FDA approves Avastin for aggressive and late-stage cervical cancer
The US Food and Drug Administration (FDA) has approved a new use for Roche’s Avastin (bevacizumab) to treat patients with persistent, recurrent or late-stage (metastatic) cervical cancer.
The fast-tracked approval brings hope to late-stage patients as there is a dramatic difference in survival rates between early and advanced cervical cancer. At least nine out of 10 women live for five years following diagnosis of early stage disease, but the survival rate drops to below one in six when the disease is metastatic.
Avastin works by interfering with the blood vessels that fuel the development of cancerous cells. The new indication for cervical cancer is approved for use in combination with chemotherapy drugs paclitaxel and cisplatin or in combination with paclitaxel and topotecan.
“Avastin is the first drug approved for patients with late-stage cervical cancer since the 2006 approval of topotecan with cisplatin,” said Dr Richard Pazdur, director of the Office of Haematology and Oncology Products in the FDA’s Center for Drug Evaluation and Research. “It is also the first biologic agent approved for patients with late-stage cervical cancer and was approved in less than four months under the FDA’s priority review programme, demonstrating the agency’s commitment to making promising therapies available to patients faster.”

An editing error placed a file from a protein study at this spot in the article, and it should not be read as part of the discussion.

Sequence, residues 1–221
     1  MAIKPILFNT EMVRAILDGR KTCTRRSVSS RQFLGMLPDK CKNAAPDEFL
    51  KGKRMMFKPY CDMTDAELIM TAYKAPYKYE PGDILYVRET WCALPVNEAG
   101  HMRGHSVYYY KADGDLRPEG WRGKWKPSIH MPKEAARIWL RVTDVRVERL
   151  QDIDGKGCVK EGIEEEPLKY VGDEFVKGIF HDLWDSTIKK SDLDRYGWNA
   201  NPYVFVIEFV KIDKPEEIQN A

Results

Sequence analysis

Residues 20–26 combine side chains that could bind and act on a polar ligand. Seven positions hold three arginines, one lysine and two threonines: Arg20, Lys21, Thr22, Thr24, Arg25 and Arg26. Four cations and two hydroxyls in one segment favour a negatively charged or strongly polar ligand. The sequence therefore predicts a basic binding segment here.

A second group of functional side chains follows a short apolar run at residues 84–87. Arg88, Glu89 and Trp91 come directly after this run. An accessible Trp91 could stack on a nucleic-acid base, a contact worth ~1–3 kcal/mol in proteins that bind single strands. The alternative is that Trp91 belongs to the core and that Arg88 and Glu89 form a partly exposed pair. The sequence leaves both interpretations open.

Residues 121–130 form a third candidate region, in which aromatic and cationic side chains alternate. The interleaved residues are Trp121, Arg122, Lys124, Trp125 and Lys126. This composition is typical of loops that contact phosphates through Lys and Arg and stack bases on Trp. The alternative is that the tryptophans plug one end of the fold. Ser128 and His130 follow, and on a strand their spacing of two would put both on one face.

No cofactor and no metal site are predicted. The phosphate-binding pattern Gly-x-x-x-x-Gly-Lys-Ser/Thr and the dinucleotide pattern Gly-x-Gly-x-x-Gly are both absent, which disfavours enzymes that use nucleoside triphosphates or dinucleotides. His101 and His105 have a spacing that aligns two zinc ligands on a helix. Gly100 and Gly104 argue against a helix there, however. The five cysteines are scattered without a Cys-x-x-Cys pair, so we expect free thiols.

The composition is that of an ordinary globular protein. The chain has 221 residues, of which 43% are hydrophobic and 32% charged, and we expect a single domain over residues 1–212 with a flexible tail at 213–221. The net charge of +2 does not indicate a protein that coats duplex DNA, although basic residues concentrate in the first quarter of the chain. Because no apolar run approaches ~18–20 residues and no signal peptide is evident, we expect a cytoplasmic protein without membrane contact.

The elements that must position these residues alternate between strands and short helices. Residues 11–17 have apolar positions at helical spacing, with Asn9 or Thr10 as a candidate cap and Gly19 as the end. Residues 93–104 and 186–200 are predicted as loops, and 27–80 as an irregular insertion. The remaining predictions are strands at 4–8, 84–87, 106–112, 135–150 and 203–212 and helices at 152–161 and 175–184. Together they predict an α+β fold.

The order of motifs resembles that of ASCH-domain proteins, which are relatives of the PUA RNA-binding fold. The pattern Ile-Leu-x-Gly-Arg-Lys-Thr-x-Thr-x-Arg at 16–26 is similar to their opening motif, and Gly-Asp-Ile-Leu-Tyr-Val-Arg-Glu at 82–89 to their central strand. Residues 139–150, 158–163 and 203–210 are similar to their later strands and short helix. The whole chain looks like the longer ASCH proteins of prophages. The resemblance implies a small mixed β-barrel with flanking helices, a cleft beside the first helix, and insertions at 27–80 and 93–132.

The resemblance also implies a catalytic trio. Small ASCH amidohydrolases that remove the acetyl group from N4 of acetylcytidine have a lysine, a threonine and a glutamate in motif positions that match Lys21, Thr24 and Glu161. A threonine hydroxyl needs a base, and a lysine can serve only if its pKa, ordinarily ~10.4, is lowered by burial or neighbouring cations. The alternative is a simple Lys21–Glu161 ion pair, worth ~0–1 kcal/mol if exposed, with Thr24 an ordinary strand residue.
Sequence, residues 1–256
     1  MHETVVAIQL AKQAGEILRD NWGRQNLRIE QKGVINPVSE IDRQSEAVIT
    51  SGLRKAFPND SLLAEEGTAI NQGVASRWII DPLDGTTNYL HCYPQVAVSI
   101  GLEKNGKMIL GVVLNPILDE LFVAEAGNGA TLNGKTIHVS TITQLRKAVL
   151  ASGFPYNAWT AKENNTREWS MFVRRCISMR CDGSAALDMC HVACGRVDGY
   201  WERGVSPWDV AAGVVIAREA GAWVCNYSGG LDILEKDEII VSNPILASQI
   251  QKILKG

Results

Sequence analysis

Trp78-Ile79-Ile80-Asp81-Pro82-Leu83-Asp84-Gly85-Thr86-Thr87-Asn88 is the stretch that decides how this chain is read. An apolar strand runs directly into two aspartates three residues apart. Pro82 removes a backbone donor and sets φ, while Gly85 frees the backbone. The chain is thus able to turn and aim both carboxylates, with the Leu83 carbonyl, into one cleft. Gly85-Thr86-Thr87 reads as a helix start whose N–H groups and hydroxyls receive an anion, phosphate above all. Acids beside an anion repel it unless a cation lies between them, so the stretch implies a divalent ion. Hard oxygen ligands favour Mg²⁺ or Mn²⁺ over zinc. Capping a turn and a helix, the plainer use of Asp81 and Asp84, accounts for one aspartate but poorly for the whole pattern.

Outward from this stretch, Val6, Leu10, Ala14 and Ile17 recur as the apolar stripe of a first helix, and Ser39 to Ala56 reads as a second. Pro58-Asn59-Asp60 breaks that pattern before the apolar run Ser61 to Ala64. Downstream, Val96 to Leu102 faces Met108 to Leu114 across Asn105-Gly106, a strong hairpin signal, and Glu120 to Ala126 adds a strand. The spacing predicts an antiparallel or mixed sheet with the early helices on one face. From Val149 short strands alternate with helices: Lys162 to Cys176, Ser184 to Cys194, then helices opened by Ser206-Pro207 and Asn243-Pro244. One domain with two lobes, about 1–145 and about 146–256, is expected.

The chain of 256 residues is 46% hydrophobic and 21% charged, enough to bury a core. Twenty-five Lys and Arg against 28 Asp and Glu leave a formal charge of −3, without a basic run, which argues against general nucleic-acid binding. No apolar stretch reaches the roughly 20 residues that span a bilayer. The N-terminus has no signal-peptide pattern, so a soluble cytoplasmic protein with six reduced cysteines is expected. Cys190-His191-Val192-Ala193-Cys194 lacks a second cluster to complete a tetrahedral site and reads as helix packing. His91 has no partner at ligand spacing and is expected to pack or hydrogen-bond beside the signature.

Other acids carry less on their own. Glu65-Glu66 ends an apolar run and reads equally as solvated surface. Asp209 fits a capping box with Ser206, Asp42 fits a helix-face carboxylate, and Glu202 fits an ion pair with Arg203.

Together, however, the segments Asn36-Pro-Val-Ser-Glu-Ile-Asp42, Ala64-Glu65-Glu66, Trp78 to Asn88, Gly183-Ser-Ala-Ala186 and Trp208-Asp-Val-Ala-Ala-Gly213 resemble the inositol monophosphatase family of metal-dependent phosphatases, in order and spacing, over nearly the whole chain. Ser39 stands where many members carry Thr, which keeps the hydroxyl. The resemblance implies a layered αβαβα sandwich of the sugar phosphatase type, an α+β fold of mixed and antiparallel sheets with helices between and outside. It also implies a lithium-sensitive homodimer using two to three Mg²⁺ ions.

The FDA examined the drug under its priority review programme because it demonstrated the potential to be a significant improvement in safety or effectiveness over available therapies.
Avastin was evaluated in a clinical study involving 452 participants with persistent, recurrent, or late-stage disease. Participants were randomly assigned to receive paclitaxel and cisplatin with or without Avastin or paclitaxel and topotecan with or without Avastin. Results showed an increase in overall survival to 16.8 months in participants who received chemotherapy in combination with Avastin, compared to 12.9 months for those receiving chemotherapy alone.
Avastin is marketed by Genentech, part of the Roche Group.
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